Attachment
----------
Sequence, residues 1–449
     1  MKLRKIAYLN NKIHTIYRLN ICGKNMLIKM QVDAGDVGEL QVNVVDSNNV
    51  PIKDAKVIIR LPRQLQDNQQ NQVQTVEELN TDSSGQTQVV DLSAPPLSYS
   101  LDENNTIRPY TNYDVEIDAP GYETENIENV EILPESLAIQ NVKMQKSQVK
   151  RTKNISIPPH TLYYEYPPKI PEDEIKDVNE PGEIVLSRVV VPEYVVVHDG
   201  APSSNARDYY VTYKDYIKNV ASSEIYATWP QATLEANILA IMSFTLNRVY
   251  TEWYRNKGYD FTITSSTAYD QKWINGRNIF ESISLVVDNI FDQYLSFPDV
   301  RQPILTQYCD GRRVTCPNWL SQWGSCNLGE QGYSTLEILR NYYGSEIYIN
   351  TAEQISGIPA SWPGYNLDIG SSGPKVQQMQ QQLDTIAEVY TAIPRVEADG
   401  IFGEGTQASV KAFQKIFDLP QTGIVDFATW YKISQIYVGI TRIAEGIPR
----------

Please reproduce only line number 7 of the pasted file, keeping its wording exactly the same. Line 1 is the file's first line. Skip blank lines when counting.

   251  TEWYRNKGYD FTITSSTAYD QKWINGRNIF ESISLVVDNI FDQYLSFPDV